The problem with Intel platform is... Ryzen. AMD pushed HEDT CPU core count into mainstream with its prices, and Intel is still selling 8 CORE CPUs as... HEDT CPUs, with according price point, and more expensive platform. THAT is the problem here. Mainstream for AMD: 4, 6, 8 Cores. For Intel, 2 and 4. HEDT for AMD - 12 and 16 cores. For Intel from 4 to 18 cores. The platform looks like a mess on Intel side. Yes you get more features, but those features look like they were forced to bring premium feel, and to force you to pay more for it.

Guys. There is just absolutely no justification in todays world for prices Intel asks for their platform, at least for up to 8 core CPUs. Others - that is different story.
https://forum.beyond3d.com/threads/amd-ryzen-cpu-architecture-for-2017.56187/page-51#post-1967173



One company with their crappy AVX2 implementation is gonna lose very badly once the industry moves to AVX2. And without AVX-512 support, you simply won't run modern software at all.
So Broadwell-E will also be useless in AVX-512. But hey, it doesn't matter because we cannot hate on forum on it.
 

Sweepr

Diamond Member
May 12, 2006
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I see there's 'rumors' about Coffee Lake being delayed to 2018 circulating in clickbait websites. The original article from WinFuture.de only provides info about mobile products and a 65W 'S' part (and speculates about the rest), saying Kaby Lake Refresh comes in September, Gemini Lake in late 2017 and Coffee Lake in February. Basically nothing new because it was already known that mobile Coffee Lake was a Q1-2018 product. To clear up any confusion, the only parts launching in August are unlocked 65W/95W 4C/6C desktop models + Z370 chipset, everything else including traditional locked 65W desktop models, mobile variants (U, H), Xeon E3 and new chipsets will only be available next year. This is the latest roadmap from Intel itself pre-Computex:



And here's an article from DigiTimes published today:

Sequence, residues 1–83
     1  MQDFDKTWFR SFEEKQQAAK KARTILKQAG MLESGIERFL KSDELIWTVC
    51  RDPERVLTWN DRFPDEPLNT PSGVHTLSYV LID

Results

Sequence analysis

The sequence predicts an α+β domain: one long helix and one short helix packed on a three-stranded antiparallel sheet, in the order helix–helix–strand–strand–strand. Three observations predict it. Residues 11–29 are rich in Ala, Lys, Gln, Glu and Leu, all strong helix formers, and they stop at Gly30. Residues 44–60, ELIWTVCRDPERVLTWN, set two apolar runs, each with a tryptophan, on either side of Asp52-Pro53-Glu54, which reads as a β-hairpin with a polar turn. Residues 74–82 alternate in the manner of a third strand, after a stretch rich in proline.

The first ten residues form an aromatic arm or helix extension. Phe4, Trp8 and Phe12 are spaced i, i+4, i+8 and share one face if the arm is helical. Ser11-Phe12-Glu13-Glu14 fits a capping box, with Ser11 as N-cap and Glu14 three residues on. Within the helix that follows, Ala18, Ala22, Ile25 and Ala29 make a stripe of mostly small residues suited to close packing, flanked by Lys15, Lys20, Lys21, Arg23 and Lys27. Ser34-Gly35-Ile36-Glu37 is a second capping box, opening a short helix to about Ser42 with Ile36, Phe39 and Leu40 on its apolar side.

DigiTimes said:
ASMedia's revenues will move upward along with the release of Intel X299 series chips in June, AMD X399 series chips is July as well as Intel Coffee Lake CPUs, and Z370 chips in August, Lin noted.

ASMedia has begun developing USB 3.2 controller chips in order to cope with Intel's planned release of 300 series chipsets and expects to roll out USB 3.2 host controller and device controller chips in 2018, Lin revealed.
http://www.digitimes.com/news/a20170603PD201.html
 
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itsmydamnation

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Feb 6, 2011
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I'm not sure if you're serious. Certainly, AMD doesn't sell more 'AVX2 chips' than Intel?
So how many years does that AVX2 adoption take...... Cuz you know its only been 6.....DX 9,10,11,12 in that time period.......

Or how about some Linus B Torvalds
http://www.realworldtech.com/forum/?threadid=168200&curpostid=168587
Are they? The reason AVX512 seems to be particularly bad is just the frequency change, not because the 512b accesses would be fundamentally slower.

That said, we've seen the "bigger accesses are slower when unaligned" pattern so many times. It turns out that trying to be very wide is just a bad bad idea.

For example, because cache reads (of all sizes) are so critical, only a complete moron would design their L1 cache to only do one maximally wide access at a time, since it's much more common that you see two narrower accesses that can be concurrent. So the L1 interface might be 64 bytes wide, but in reality any good L1 is always going to be able to do two 32-byte reads at a time, because that's actually the much more important case.